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Broncos Head Coach Vic Fangio walks the sidelines during a game at Empower Field at Mile High on Saturday, Jan. 8, 2022. The Broncos lost to the Chiefs 28-24. (Photo by Jerilee Bennett, The Gazette)

With nothing to lose, the Broncos nevertheless lost.

Vic Fangio’s final significant decision Saturday must be his last Broncos Blunder as head coach.

The Broncos outrageously kicked a late field goal that guaranteed a 28-24 defeat to the Chiefs.

Moral victories are meaningless.

Denver Broncos fumble away loss to Chiefs in possibly Vic Fangio's final game

George Paton cannot bungle his most significant decision since becoming the Broncos’ general manager. He should intensify his search for a new coach starting Sunday.

Meanwhile, John Elway and Joe Ellis, who were on top, will go out on the bottom.

Coaches are hired, and they are fired. John Fox was fired after four double-digit winning seasons and a Super Bowl. Red Miller was fired even though he led the Broncos to their first Super Bowl. Vance Joseph was almost fired after his inaugural season and survived only through a second season. Josh McDaniels didn’t even make it to the end of his second season before being fired. Wade Phillips was fired after two seasons. Dan Reeves was fired after leading the Broncos to three Super Bowls in 12 seasons. And Mike Shanahan was fired after coaching the Broncos to back-to-back Super Bowls and five other postseasons.

Fangio is 19-30 – a winning percentage of .396. He has won only 5 of 18 games against AFC West opponents (.277 percent) and none in six tries vs. the Chiefs.

Vic has mismanaged at least two dozen games – including the season finale.

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With the Broncos down 28-21 with 4:41 remaining and confronting fourth down and 9 at the Kansas City 13-yard line, Fangio chose field goal instead of an attempt at a first down or a touchdown. But, as it was, the Broncos would have to quickly stop the high-powered Chiefs, get the ball back and still score a touchdown. They didn’t.

The Broncos’ offense never touched the football again.

Same old same old.

There was, regrettably, a Melvin Body Slam – when the Chiefs’ Melvin Ingram blasted the Broncos’ Melvin Gordon earlier – and again, ironically, at the K.C. 13-yard line – causing a helpless Gordon to fumble as he received the handoff from Drew Lock, and Nick Bolton picked up the ball and outran everybody to the end zone to push the Chiefs ahead -- 28-21 after Patrick Mahomes ran for the two-point conversion.

So much for the Broncos breaking the Chiefs’ 13th-straight triumph in the series, a mark just one short of the Raiders’ 14 consecutive victories over the Broncos from 1965-71. The 2016-21 Broncos have been correspondingly similar.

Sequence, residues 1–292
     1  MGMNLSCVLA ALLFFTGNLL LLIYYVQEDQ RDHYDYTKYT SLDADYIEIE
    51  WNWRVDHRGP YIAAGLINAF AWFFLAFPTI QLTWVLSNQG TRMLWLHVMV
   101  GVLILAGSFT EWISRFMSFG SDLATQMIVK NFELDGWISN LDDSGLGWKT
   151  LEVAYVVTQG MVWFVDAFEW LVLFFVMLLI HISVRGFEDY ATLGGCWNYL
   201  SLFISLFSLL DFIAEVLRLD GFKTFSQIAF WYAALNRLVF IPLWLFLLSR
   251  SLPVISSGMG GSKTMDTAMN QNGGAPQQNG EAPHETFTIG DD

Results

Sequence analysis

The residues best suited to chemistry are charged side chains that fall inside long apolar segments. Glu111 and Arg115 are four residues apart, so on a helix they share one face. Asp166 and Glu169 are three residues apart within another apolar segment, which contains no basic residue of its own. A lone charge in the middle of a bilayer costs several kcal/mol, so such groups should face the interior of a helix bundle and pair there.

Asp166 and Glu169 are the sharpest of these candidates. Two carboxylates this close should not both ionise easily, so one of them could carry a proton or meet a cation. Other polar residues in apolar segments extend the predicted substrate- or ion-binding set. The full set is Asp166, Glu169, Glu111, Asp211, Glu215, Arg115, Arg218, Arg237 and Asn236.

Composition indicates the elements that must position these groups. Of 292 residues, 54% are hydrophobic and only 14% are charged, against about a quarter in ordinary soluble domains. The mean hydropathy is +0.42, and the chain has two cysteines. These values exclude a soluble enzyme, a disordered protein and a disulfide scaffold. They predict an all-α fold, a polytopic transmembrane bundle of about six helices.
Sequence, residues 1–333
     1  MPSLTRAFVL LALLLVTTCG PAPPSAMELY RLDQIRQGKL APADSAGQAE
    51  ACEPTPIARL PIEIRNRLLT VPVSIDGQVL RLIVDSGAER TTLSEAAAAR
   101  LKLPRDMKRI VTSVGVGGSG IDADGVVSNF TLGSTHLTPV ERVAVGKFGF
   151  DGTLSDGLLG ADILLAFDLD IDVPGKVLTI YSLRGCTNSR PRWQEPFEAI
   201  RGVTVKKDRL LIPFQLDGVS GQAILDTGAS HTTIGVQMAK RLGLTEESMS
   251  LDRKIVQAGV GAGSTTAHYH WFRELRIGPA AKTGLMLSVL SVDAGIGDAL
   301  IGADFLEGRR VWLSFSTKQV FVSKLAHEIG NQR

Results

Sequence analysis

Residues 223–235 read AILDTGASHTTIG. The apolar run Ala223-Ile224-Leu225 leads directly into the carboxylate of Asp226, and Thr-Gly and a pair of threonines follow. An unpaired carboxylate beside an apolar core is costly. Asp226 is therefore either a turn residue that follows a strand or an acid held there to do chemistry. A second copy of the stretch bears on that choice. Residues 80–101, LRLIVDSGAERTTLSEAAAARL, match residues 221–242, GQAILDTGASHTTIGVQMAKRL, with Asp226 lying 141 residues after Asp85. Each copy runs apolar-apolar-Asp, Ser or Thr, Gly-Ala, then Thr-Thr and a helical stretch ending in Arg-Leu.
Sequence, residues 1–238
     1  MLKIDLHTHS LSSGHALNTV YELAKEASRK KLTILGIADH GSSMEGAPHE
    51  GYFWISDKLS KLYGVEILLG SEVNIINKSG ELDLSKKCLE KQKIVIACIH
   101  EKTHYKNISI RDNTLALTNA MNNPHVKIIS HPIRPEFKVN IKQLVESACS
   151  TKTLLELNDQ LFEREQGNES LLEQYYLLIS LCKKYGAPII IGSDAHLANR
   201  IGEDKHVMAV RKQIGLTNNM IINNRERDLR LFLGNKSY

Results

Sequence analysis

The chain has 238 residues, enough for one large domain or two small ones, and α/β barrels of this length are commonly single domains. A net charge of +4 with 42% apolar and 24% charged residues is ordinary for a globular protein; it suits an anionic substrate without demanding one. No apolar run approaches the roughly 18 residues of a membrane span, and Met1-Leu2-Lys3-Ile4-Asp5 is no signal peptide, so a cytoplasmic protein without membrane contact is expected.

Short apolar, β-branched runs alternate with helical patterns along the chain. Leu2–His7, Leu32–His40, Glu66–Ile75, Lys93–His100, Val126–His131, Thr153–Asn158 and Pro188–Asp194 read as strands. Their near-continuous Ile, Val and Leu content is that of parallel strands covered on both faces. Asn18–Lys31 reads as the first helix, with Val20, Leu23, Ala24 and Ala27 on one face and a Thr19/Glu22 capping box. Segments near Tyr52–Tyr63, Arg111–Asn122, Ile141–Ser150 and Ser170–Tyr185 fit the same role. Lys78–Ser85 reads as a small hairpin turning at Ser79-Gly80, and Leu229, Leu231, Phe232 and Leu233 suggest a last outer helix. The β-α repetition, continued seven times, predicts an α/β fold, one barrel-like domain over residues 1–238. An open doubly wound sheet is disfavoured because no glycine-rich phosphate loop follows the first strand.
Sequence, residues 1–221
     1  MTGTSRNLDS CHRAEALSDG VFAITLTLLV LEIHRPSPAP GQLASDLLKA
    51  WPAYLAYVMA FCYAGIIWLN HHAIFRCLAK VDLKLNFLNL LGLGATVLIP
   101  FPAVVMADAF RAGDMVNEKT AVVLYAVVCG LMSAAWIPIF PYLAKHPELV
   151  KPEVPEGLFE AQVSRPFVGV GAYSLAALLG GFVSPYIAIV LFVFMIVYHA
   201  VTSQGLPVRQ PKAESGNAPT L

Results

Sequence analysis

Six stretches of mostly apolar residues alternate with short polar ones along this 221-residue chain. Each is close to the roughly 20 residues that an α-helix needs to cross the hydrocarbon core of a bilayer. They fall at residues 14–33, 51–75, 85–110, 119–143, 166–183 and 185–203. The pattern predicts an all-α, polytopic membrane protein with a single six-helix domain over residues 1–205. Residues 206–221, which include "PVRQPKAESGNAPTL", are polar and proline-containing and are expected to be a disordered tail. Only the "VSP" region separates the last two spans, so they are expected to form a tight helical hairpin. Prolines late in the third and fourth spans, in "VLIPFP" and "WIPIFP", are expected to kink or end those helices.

If we hear one more time that the Broncos are on the threshold of success, please press mute. They need a quality quarterback, an ingenious offensive coordinator, a special teams coordinator who is special, at least nine other players who might earn Pro Bowl votes (and four or more who would be picked to the elite team) and a head coach who is a prime example of the Peter Principle, a concept declaring that people rise in their field (or on the field) until they reach their level of incompetency.

Joseph, McDaniels, Phillips and Fangio have been exceptional coordinators, but, as Wade said of himself, “lousy’’ head coaches.

Before the most embarrassing attendance at Mile High in years (not counting the Pandemic period), based on the Broncos’ no-shows of almost 15,000 and the heavy mixture of thousands of Chiefs' fanatics, the Broncos did have a legitimate chance to shock their superior rivals.

However, for the 15th time in the Fangio era, the Broncos have fallen by eight points or fewer. They also have been blown out in 13 games.

The Broncos’ players and coaches weren’t no-shows. They boldly battled the Chiefs with a matching touchdown in the first quarter (on a run by Lock, and he asked for the football as a permanent keepsake) and had a 14-10 lead at halftime (on another touchdown run by Lock). The Broncos still were up 21-17 after three quarters on a sensational dash by Melvin Gordon.

But the failure twice in the fourth quarter when the Broncos advanced to the 13-yard line, and no closer, turned out to be the difference. The fumble return for a touchdown and Fangio’s fateful faulty call would result in another doomed ending.

The Broncos are merely mundane and irrelevant in the NFL.

Fangio made a wrong decision when his team had something to win.

Paton must make the right decision if the Broncos are to overcome being losers.

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